2024 Toyota GR Yaris debuts with more numbers, 8-AT option


Toyota has updated its highly successful homologation special hot-hatch GR Yaris for 2024. Pricing is yet to be announced but expect the new GR Yaris to go on sale across Europe from Summer 2024. In addition to the “regular” GR Yaris we’re seeing here, a couple of special editions named after two of its World Rally Championship (WRC) star drivers Sébastien Ogier and Kalle Rovanperä will be unveiled at the Rallye Monte-Carlo, the opening round of this year’s FIA WRC (Jan 25-28).

Let’s start with the styling revisions then, shall we? On the front fascia, the bumper has been redesigned, more specifically the grille and side intakes. It appears that the front fog lights have been let go. On the side, things remain unchanged, even the wheel design is the same. At the rear, you probably will notice some differences. The lower bumper has an opening that is said to allow air from beneath the floor to escape, reducing drag, improving the car’s maneuverability and stability and dispersing heat from the exhaust system.


The taillights have been redesigned, of course. There’s a connecting light band at the bottom, and notice that there’s no Toyota logo in the middle – or anywhere on the rear fascia. The rear fog and reversing lights are concealed within the dark band in the middle. Also, notice that the third brake light has been moved from the roof spoiler to the dark band in the middle.

In addition to Emotional Red, Precious Black and Super White/Platinum White Pearlescent, the new GR Yaris offers an option called Precious Metal.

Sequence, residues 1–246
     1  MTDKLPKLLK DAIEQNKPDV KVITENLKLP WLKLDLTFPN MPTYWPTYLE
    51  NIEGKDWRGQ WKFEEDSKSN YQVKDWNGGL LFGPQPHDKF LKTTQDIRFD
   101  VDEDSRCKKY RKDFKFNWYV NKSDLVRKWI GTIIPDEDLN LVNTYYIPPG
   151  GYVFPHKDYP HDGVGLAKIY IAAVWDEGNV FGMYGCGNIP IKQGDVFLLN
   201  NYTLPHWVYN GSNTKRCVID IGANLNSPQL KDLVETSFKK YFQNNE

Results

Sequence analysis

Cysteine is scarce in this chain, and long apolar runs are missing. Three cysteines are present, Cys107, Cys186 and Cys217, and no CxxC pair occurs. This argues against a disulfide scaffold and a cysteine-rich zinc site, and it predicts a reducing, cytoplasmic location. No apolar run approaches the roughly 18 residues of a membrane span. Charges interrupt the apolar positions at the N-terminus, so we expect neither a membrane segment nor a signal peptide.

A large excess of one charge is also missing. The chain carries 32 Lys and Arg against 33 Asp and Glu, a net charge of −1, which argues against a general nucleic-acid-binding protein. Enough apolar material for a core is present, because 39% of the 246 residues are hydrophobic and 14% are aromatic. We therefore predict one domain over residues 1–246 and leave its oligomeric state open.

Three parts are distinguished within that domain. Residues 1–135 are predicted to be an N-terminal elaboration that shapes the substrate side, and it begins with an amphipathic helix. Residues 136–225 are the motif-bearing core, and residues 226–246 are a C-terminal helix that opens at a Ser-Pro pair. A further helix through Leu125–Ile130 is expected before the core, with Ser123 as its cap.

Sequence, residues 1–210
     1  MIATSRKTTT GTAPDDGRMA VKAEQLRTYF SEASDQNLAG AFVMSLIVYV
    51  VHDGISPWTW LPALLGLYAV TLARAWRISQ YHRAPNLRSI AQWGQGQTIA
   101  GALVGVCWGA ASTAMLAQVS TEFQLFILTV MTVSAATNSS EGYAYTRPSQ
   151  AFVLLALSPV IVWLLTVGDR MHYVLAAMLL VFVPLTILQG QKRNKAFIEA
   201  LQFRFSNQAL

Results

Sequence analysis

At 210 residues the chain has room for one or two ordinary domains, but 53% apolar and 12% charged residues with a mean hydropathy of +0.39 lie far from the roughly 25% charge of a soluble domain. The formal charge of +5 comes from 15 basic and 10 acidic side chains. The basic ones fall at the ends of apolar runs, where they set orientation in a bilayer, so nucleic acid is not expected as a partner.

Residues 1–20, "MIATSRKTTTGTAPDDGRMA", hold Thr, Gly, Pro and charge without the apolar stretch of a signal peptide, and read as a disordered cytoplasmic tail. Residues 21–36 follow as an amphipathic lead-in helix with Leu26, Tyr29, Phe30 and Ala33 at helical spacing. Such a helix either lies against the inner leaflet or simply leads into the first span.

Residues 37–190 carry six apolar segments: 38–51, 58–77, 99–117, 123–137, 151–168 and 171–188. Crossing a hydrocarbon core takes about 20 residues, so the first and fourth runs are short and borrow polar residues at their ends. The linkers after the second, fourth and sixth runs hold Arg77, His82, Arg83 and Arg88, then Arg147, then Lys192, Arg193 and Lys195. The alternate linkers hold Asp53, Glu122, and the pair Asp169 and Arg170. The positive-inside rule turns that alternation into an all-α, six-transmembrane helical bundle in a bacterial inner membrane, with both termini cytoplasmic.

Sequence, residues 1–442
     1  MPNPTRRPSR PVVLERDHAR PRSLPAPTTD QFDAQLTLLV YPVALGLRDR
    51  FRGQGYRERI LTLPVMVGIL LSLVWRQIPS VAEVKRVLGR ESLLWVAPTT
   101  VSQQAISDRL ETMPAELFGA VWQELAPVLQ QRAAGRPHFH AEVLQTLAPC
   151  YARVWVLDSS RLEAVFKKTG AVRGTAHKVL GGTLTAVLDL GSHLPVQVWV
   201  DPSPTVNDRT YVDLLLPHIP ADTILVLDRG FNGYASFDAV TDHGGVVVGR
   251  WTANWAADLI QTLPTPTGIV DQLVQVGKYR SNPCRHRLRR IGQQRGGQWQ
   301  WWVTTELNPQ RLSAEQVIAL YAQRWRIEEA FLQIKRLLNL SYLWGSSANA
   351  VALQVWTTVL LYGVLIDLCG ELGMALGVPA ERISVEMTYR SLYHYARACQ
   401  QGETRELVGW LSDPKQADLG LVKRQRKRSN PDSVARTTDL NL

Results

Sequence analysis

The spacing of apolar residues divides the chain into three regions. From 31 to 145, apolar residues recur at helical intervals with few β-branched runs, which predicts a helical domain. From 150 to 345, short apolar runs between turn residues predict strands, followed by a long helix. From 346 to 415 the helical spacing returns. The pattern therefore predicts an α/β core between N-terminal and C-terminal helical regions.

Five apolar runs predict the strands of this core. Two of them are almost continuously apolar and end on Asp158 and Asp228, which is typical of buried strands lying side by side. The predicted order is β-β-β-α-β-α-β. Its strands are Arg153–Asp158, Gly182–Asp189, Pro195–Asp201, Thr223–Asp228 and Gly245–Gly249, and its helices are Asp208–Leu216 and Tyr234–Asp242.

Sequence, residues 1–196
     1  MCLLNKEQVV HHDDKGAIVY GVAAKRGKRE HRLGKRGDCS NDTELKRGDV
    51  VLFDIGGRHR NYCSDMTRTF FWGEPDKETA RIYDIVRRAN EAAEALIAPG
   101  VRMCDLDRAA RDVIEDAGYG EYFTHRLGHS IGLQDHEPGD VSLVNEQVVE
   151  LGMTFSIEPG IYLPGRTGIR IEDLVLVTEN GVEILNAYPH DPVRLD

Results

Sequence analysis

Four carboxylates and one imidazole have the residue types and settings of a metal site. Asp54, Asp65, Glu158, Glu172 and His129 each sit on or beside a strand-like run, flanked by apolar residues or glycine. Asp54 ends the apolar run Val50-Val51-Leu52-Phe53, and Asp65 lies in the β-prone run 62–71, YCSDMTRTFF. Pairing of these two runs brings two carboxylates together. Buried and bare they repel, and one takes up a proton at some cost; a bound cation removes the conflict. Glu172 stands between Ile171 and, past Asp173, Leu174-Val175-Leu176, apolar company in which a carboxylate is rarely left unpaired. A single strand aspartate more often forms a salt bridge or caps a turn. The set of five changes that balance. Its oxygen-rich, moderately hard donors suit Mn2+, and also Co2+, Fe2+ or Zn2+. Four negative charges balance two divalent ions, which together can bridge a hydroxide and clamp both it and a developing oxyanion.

Toyota says that the new GR Yaris’ body has been rendered even more rigid with around a 13% increase in spot welds and the application of approximately 24% more structural adhesive. As a result, the car’s yaw response, steering feedback and grip feel have been enhanced, building what was already a taut and highly rewarding chassis.

The suspension systems have been retained – front MacPherson struts and rear double wishbones with trailing arms – but adjustments have been made in response to feedback from competition drivers, the company said. Adding extra bolts to fasten the front shock absorbers to the body suppresses changes in alignment that can happen when the upper bush deforms in high-load driving. The front and rear springs have also been adjusted for optimum performance and improved handling control.

Inside, the dashboard has been redesigned, and as you can see, there’s a new 12.3-inch fully digital cluster that offers normal and sport layouts. Toyota also said that the driver’s field of vision from the wheel has been improved by dropping the top edge of the instrument panel by 50 mm, changing the position of the rear-view mirror and angling the control panel 15 degrees further towards the driver.

There have been some other ergonomic improvements as well. The driver seat has been lowered by 25 mm and the steering wheel adjusted accordingly. The company also said that the shift direction has been changed to suit competition driving so the driver pushes the lever forward for downshifts and pulls back for upshifts – a detail promoted by Master Driver and Toyota Motor Corporation Chairman Akio Toyoda (alias “Morizo”).


Moving on to the juicy bits of the story, the 1.6-litre 3-cylinder turbo petrol engine now offers 206 kW (280 metric hp) at 6,500 rpm and 390 Nm (288 lb-ft) between 3,250 and 4,600 rpm. Compared with the original figures, now there are 19 metric horses and 20 Nm more. While the original car came only with a 6-speed manual transmission, now there’s an option of an 8-speed “GAZOO Racing Direct Automatic Transmission” tuned for fast shifts. I’m told that it is a torque converter. As before, AWD is standard.

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